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RIP Achilla Orru - The Blind Ugandadn playing the thmb piano on the TTC


TRIBE Member
Apologies for the abrupt title (and typos), but it seemed to be the best description. I had no idea that thing he played was called a Lokembe. Hearing him play always made me smile.

News / GTA

TTC musician Achilla Orru, renowned lokembe player, dead at 53

The Ugandan-Canadian master of the traditional thumb piano, who played for years in the subway and around the world, died of complications of heart disease.

By:Katie DaubsNews reporter, Published on Wed Feb 13 2013


For years, Achilla Orru stood inside the yellow dots on the weathered TTC floor and played the lokembe the way a teenager texts, his thumbs swiftly plucking the metal spokes, the gentle, warm sounds drifting across the subway platform into the ears of commuters.

Just as he had a way of playing that made people forget the Ugandan thumb piano was considered lowly and simple, he had a way of living that made people forget he could not see. Blind since a boyhood bout with measles, he recognized people by the timbre of their voices, and the way they gripped his hands in greeting.

“Say we’re sharing a meal, I’m bringing a plate to him, he would just reach out, like a sighted person, hands at the right place, and I’d think to myself, ‘Is this guy really blind?” said Godfrey Sekijoba, who played bass guitar in Baana Afrique, Orru’s band.

The celebrated musician was found dead in his apartment near Dawes Rd. on Feb. 4. Friends say the cause of death was heart disease, complicated by diabetes and high blood pressure. He was 53.

When he was a boy, Orru was accepted at a school for blind children, where he studied many instruments, including the lokembe. The instrument has flat steel spokes of different lengths mounted on a wooden resonator; it is known in other parts of Africa as a kalimba, sanza, or akogo.

“There was nobody in the world who played this instrument like Achilla Orru,” said Nadine McNulty, a longtime friend and artistic director of the Batuki music society. “He was a great lyricist, he was a poet. He was truly the real thing.”

Orru came to Canada as a refugee in 1989. He studied international development at Dalhousie University and created Baana Afrique while there. When he moved to Toronto in the 1990s after graduation, he started the band anew with local musicians.

On stage, he was known as King Achilla Orru Apaa-Idomo. He wore colourful clothing and a feathered hat. During performances, his bandmates gave visual feedback — letting Orru know whether the audience was dancing, or bored. Offstage, he talked politics and world events. He loved CNN.

With Baana Afrique, he toured Canada and the world. Independently, he was a Juno nominee, a soloist with the Royal Dutch Wind Ensemble, and a Toronto fixture as a licensed TTC musician — one of the most popular and well-known, often playing at Bloor-Yonge. He played the lokembe at charity events and once played at a backyard barbecue hosted by George Smitherman.

He was a very particular musician.

“He always had an idea in his mind as to how he would like something to sound, and he tried to convey that to you,” Sekijoba said.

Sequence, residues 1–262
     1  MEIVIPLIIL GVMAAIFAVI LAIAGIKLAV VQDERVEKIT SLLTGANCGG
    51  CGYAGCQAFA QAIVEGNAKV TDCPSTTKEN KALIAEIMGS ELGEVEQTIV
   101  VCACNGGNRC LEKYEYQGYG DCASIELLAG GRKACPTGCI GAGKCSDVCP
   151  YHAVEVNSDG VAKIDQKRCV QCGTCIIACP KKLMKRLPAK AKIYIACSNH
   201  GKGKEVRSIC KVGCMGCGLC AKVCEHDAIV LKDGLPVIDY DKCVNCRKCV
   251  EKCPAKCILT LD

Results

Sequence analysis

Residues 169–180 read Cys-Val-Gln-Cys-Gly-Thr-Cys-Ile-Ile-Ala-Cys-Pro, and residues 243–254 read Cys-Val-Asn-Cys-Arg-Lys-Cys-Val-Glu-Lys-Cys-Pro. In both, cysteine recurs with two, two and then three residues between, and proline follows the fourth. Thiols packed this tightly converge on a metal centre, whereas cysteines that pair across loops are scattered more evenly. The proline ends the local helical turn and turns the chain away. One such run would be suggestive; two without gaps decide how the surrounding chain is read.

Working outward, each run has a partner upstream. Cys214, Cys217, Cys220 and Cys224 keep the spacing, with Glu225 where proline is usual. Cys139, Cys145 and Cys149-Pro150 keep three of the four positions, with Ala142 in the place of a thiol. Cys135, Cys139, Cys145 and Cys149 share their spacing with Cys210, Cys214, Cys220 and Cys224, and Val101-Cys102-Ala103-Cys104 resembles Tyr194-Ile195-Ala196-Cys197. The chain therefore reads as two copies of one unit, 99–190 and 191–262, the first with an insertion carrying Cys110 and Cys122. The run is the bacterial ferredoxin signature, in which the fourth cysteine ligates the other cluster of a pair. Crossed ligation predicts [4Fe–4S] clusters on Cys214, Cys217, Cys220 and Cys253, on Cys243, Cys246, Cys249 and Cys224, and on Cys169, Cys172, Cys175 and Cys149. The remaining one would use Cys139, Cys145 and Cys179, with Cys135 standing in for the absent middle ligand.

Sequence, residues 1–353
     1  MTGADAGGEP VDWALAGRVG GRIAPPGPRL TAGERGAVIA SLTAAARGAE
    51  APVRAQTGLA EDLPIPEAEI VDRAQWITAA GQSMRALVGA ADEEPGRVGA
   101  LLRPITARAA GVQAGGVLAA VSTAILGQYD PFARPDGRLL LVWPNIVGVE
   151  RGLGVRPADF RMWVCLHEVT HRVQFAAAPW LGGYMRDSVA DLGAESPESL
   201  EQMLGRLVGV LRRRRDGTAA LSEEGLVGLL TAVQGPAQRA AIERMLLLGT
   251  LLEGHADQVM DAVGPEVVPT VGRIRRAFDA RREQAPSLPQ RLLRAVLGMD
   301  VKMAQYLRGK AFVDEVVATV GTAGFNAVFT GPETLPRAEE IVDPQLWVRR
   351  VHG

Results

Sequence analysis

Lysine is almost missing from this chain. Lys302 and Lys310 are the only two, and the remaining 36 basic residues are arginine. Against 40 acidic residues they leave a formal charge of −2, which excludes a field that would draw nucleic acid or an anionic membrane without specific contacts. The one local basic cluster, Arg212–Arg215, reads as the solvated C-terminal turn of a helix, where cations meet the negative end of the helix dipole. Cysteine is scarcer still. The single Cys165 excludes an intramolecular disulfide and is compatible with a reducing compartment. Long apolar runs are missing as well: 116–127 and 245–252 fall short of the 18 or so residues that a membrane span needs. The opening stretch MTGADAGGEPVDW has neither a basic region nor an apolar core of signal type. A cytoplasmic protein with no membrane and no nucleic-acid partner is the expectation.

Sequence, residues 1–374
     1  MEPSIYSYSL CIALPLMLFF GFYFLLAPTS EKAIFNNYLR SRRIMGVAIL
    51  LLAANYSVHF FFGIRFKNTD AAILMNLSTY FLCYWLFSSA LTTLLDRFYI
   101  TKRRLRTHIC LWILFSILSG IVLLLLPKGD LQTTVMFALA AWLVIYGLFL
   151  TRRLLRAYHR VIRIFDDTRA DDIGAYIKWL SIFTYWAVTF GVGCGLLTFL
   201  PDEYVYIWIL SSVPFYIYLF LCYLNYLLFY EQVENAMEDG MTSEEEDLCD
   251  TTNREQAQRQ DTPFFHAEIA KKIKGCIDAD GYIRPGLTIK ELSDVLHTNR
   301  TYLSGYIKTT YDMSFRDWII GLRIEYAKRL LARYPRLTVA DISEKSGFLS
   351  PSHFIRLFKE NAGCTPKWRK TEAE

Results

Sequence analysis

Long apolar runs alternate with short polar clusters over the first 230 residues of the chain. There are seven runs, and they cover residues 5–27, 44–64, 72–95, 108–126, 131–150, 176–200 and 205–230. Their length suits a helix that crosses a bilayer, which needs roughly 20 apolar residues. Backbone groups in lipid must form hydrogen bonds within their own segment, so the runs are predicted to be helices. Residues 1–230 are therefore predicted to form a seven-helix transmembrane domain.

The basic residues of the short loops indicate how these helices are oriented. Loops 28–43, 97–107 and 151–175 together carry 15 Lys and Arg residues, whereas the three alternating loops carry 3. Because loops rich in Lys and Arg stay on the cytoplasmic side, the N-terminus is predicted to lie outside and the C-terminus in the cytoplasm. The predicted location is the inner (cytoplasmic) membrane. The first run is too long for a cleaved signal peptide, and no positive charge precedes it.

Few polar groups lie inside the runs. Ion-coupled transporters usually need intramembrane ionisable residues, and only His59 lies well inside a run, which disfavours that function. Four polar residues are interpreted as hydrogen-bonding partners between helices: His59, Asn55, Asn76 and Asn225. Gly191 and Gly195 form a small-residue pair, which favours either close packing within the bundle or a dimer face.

Orru’s longtime goal was to see the lokembe become a prominent instrument. McNulty said the simple instrument is considered “lowly in some ways,” but Orru raised it to a new level. “He was definitely instrumental in developing a new method in the way it would be heard and played,” she said.

He added different tuning pegs and notes and paired it with unlikely bedfellows such as flute and the trumpet. He wrote lyrics that told of his journey to Canada, his long-distance love in Uganda, and other people’s stories.

The sound was “traditional and rootsy” with threads of Congolese and South African music, which he loved, McNulty said.

“When I sing with it, when I hear it, there is part of me that becomes one with the world around me,” he told the Star in 2003.

He had been working on research to have the instrument introduced into the Ugandan school system. On one of his many trips to Uganda, he met his wife, Rose. They married in 2004. The two have three sons younger than 6, in addition to a son Orru had after moving to Canada.

Lately, he had been concentrating on bringing his family to Canada. Davies Bagambiire, a friend and lawyer who met Orru when he first came to Halifax, had been helping Orru with the paperwork and immigration details. At the beginning of February, Bagambiire got a call from Rose. She hadn’t heard from him. It wasn’t like him not to return a call.

Bagambiire went to Orru’s apartment building, where other residents told him they hadn’t seen their cheery neighbour for a while. He called police to before entering Orru’s home, and when the officers remained silent for several minutes after they went in, he knew the news was bad.

Bagambiire is helping to plan his friend’s funeral and raise money to bring Orru’s distraught family to Canada. Those details are still being arranged.

Mourned by Toronto’s African music community, Orru will also be missed in the underground world of the TTC, where he won’t return again to his yellow-dotted home in the heart of the subway, McNulty said.

“He was the soul of Bloor and Yonge.”

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Alex D. from TRIBE on Utility Room

glych t.anomaly

TRIBE Member
RIP, this guy was awesome, always tried to support him when i saw him and loved listening to his lilting sounds when i used to take the TTC fairly often.
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